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NAPO-Ohio Blog

Tips & Tricks from the Experts in the Industry

This is the blog post from the home page of NAPO-Ohio.

  • 01 Nov 2015 6:08 PM | Julie Riber, CPO®

    As we are approaching the season of holidays and the weather is still relatively warm, it is easy to think we have more time than we actually do between now and the end of the year.

    It is a great time to look at the calendar and consider all the cherished and necessary activities we would like to accomplish to get the most out of the holidays. By the time this article is published, there will be barely 8 weeks remaining until the end of the year. Are you hosting a holiday party? Travelling out of town? Baking holiday cookies? Running in the annual Turkey Trot? Volunteering at a local food pantry? Plotting these activities on a calendar now will provide a realistic overview of your holiday timeline, so that you can accomplish your seasonal goals in a paced and enjoyable way. This type of planning is key to managing tasks and devoting your time to the people and traditions who help make the season meaningful.

    Here are 8 holiday helps---one for each week—from now until the end of the year to help keep your holiday household fluid and festive:

    • 1.     Stage your holidays. Find and sort through your holiday décor. Set aside the items that you want to use in one convenient place so they are available when ready to use or display. Donate any unwanted items.
    • 2.     Plan your giving. Set your budget, make your holiday list, plan a shopping/donation schedule.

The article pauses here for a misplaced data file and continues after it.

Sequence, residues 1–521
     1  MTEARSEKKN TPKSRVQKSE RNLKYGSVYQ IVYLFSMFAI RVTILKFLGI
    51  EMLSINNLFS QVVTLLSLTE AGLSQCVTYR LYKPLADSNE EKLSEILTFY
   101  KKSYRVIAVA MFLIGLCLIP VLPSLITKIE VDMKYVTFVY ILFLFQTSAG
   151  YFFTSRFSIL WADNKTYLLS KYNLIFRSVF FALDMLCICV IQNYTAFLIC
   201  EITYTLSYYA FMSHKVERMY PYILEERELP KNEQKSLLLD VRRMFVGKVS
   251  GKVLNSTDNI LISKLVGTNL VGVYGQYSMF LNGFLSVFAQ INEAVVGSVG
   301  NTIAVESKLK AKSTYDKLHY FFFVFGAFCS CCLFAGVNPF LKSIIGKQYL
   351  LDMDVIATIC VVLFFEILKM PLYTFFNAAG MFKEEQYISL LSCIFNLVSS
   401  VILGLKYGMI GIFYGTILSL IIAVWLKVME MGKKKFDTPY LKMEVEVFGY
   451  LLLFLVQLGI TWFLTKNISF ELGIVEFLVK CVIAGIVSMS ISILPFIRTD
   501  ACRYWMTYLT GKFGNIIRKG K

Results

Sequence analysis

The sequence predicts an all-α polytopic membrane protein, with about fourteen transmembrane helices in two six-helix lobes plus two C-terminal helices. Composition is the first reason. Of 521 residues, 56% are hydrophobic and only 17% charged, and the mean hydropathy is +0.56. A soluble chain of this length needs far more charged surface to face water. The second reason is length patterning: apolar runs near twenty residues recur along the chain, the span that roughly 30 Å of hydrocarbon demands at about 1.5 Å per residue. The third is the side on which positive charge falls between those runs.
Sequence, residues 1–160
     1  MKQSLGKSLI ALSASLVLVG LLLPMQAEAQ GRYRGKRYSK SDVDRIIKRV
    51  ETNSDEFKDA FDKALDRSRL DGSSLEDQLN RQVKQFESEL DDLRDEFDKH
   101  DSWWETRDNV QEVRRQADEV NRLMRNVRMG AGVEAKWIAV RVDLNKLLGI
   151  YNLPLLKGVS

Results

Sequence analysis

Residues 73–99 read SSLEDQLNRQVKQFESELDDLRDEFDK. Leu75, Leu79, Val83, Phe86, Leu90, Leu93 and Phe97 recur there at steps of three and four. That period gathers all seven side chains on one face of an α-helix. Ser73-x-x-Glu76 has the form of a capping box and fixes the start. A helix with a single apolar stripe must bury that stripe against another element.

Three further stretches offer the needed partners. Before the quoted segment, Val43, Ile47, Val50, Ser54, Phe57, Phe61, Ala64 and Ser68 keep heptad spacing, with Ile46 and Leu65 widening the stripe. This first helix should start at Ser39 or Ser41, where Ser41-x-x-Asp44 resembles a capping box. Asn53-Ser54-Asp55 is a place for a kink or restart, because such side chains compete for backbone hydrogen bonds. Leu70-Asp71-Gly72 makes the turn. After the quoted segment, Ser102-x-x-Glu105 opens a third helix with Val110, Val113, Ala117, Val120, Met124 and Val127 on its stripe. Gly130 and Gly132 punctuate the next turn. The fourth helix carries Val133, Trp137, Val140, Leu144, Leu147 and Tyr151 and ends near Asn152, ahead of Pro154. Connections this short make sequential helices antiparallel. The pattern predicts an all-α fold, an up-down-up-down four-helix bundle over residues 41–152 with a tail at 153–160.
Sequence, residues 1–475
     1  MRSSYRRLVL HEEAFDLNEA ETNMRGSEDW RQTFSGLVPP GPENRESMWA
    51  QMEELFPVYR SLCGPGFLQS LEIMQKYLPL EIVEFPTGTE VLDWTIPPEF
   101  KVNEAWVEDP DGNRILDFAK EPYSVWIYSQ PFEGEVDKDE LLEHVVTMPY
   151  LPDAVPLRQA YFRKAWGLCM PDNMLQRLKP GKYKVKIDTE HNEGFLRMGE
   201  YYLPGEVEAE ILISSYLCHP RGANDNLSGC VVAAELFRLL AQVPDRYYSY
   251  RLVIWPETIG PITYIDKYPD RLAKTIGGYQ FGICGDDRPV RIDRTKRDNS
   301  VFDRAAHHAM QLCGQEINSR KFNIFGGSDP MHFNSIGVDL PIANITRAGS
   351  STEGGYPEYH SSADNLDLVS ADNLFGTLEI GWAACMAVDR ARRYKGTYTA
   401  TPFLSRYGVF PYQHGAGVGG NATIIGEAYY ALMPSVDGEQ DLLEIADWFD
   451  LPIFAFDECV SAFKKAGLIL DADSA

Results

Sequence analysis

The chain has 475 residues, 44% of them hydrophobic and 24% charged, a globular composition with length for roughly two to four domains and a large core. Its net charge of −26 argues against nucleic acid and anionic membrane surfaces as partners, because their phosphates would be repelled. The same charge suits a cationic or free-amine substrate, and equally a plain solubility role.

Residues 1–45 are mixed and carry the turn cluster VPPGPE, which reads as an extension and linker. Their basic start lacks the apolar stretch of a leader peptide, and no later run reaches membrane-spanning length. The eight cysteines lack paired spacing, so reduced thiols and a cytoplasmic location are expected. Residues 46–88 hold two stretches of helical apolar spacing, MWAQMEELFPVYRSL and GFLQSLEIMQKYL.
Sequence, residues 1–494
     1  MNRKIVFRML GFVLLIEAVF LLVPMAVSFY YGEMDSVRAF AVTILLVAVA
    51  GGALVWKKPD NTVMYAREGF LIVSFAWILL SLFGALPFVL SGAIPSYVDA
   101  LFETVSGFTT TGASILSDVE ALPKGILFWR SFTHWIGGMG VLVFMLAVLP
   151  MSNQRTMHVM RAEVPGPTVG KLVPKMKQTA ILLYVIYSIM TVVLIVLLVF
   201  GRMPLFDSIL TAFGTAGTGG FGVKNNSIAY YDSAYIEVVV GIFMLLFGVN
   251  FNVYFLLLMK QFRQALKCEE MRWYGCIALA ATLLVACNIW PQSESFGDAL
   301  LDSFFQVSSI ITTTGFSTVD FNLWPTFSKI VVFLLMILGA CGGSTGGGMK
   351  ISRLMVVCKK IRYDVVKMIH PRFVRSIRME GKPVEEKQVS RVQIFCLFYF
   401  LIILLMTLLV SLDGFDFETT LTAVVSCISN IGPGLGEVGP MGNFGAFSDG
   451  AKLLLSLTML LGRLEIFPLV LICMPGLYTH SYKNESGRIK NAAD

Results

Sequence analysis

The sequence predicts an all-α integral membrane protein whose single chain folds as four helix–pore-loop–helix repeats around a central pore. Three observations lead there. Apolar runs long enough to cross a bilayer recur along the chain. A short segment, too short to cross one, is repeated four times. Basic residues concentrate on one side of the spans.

• 3.     Stock your pantry. If cooking and/or baking is a big part of your holidays, have the recipes needed handy. Look through your pantry; do you have what you need?
    • 4.     Retire any tired traditions. Which activities bring you and your family the most joy? Give those your full attention…and retire the rest! It may even require saying “no” to conflicting activities.
    • 5.     Update your list of contacts. Do you send gifts or holiday cards in the mail or via email? Review and update addresses in your favorite contact portfolio.
    • 6.     Book your travel. Whether you are ringing in the New Year in the big city, going to Grandma’s, or heading back home, the time is now to reserve flights, hotels, and rental cars! Don’t forget to review your perks programs to see how many points you can take advantage of this year.
    • 7.     Be ready for the weather. This may include preparing our vehicles for cold-weather care, packing some supplies in our travel vehicle, and reviewing coats/gloves/hats for condition. In addition, we may have fireplaces and furnaces that require maintenance.
    • 8.     Find an app or paperless note taking program on your favorite device where you can keep your holiday lists. Be sure to purge these when the season is over.

    Enjoying the holidays really is about being available to enjoy the everyday moments with cherished family and friends. The small things you do today will help you stay mindful and in the moment when it really matters. Happy Planning!

  • 01 Oct 2015 12:49 PM | Julie Riber, CPO®

    Cooler temperatures arrived and Halloween is on the horizon. If you have ever been to a haunted house you know the adrenalin rush that comes from fear and excitement. As you walk through, your brain tries to sort out what it sees in order to protect you from danger. The darkness and fog make it difficult to make out details as you struggle to find what you are looking for – the exit. Whether or not you enjoy haunted houses, your brain perceives them as stressful, no different than the feelings you get when surrounded by clutter. In addition to stress, effects of clutter include wasted time trying to locate things, wasted money from late fees or buying duplicates, and even missed opportunities. When you are dealing with significant stress, such as being in a haunted house or cluttered environment, your brain goes into fight, flight, or freeze mode. It is as if your brain is telling you “Danger! Get ready to fight for survival, run for your life, or stay still – maybe the danger will pass you by.” When you are in this mode your ability to think clearly is compromised, so that finding things, making decisions, planning, and prioritizing are nearly impossible. Unfortunately, these are the same skills you need to get out of the haunted house or change your cluttered environment.